News, Events, and Industry Updates for the Scholarly Publishing Community





New Functions in eXtyles Cleanup: “Detabling” Non-Table Content

We’re always looking for ways to make eXtyles functions more helpful! Here’s what’s new with eXtyles Cleanup … Read More


February 2020 Newsletter


Find eXtyles news, customer news, partner news, new blog posts, and more in our February newsletter! Read More


Excel Tips for Editors, Part 2: Working with Text

As an editor, you likely know a lot more about Microsoft Word than the average person! What you might not know is that Microsoft Excel also has a lot to offer the hard-working editor. In this two-part series, we’ll discuss six ways you can use Excel to make Word work better. Read More


January 2020 Newsletter


Welcome to a brand new year of the Inera Newsletter! Read More


Excel Tips for Editors, Part 1: Working with Numbers

As an editor, you likely know a lot more about Microsoft Word than the average person! What you might not know is that Microsoft Excel also has a lot to offer the hard-working editor. In this two-part series, we’ll discuss six ways you can use Excel to make Word work better. Read More


November-December 2019 Newsletter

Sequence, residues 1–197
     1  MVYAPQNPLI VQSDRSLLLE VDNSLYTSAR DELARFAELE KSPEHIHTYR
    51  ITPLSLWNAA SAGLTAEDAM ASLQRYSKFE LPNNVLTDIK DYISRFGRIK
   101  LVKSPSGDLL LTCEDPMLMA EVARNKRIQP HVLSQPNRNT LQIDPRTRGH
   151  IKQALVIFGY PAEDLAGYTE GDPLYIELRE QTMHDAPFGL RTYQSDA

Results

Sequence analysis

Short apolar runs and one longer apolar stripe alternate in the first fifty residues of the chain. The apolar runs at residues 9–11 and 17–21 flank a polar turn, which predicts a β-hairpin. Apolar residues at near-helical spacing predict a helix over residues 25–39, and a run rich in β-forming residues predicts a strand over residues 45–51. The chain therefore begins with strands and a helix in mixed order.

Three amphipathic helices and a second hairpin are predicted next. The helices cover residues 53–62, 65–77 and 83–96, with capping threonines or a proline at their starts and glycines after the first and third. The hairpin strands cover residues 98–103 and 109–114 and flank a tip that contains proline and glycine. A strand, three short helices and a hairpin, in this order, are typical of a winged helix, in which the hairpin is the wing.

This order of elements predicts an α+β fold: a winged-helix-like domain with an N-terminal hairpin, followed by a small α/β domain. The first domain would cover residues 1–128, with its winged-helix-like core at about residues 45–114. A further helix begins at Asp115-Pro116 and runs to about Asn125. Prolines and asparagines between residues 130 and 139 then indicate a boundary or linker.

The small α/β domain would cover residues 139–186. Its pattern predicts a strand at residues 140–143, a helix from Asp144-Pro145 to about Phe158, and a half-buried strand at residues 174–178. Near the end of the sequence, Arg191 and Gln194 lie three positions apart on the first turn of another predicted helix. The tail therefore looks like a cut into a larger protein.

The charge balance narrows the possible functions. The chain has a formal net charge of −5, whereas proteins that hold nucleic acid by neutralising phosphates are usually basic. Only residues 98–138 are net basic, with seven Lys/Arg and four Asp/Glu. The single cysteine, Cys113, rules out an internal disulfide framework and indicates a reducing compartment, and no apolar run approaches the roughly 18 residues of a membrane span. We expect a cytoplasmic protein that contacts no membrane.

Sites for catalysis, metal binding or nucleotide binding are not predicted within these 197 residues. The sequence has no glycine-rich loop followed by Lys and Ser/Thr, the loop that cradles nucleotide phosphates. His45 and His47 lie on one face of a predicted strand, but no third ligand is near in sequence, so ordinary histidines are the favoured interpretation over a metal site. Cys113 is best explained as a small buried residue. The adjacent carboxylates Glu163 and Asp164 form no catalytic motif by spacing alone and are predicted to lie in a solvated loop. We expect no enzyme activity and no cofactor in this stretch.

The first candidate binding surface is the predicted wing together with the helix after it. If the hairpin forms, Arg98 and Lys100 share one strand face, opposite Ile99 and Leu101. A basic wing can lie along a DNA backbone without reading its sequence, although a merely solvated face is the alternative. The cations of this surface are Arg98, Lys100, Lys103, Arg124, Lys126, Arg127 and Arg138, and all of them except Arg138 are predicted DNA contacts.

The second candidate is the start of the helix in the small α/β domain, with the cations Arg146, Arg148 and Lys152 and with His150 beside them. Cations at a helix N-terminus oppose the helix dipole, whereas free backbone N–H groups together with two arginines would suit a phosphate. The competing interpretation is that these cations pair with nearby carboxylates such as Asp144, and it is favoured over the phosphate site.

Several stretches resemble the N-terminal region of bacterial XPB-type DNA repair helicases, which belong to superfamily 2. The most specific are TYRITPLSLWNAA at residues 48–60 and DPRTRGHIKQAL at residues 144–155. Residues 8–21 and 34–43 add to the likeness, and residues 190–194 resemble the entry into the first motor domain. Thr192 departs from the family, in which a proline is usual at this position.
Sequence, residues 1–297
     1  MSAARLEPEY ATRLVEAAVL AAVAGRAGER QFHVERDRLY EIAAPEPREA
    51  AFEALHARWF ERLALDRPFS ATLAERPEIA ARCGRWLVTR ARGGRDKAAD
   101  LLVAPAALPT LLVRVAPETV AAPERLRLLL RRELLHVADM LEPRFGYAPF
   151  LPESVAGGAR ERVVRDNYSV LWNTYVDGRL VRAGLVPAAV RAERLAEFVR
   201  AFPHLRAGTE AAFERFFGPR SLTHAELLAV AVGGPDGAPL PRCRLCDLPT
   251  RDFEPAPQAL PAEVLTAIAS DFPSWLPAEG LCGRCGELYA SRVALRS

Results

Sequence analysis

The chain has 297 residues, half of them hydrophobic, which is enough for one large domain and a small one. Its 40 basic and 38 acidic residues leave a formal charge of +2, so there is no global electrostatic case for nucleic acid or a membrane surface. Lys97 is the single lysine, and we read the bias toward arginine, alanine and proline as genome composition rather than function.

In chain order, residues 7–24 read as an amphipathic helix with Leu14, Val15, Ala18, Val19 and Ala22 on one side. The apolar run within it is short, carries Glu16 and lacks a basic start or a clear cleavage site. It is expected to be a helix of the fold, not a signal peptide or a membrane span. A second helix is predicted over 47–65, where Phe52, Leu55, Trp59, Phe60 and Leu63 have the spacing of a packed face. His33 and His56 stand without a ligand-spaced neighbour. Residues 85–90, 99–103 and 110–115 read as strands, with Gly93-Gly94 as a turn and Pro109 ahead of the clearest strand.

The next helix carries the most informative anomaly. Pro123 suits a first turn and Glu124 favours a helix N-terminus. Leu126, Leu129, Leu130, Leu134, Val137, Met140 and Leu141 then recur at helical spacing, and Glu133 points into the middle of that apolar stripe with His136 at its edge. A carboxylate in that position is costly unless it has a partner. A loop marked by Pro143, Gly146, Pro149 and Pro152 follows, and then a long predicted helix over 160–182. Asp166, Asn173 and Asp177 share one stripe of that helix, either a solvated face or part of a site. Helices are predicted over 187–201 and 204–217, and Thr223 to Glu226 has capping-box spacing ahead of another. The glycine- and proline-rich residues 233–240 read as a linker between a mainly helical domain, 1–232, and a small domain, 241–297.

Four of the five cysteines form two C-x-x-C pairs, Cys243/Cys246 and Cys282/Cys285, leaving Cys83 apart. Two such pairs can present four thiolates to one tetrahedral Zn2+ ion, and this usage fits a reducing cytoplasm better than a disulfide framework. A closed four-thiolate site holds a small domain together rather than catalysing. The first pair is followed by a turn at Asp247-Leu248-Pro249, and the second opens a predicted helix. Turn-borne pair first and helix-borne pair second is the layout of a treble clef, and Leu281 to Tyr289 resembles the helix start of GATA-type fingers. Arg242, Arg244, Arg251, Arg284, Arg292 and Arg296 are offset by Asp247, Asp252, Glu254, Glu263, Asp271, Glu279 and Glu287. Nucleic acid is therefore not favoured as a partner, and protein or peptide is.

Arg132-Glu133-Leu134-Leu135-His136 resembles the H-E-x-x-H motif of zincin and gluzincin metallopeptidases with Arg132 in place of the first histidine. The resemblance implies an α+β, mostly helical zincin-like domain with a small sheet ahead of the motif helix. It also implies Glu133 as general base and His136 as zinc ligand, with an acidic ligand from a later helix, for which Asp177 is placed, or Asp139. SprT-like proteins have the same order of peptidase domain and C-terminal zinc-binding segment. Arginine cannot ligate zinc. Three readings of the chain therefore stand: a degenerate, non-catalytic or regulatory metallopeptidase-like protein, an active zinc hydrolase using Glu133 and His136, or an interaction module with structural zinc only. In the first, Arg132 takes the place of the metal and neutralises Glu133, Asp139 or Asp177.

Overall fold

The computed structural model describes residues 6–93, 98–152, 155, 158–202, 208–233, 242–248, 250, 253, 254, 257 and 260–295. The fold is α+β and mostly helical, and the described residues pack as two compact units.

From A to XUG, it’s year-end news from Inera! Read More


October 2019 Newsletter


From Frankfurt to Boston, it's the October 2019 newsletter! Read More


September 2019 Newsletter


Fall is in the air in our September 2019 newsletter! Read More


Better Living through Microsoft Word Tables, Part 3: Amazing Table Secrets

The Tables function in Microsoft Word is one of its most useful features! Unfortunately, it’s also one of the most often misused (or even ignored). If you’ve ever been frustrated or baffled by someone else’s table-related behavior, or if you’ve ever had trouble with tables yourself (and haven’t we all?), this series is for you! Read More


Better Living through Microsoft Word Tables, Part 2: Advanced Table Wrangling

The Tables function in Microsoft Word is one of its most useful features! Unfortunately, it’s also one of the most often misused (or even ignored). Read More




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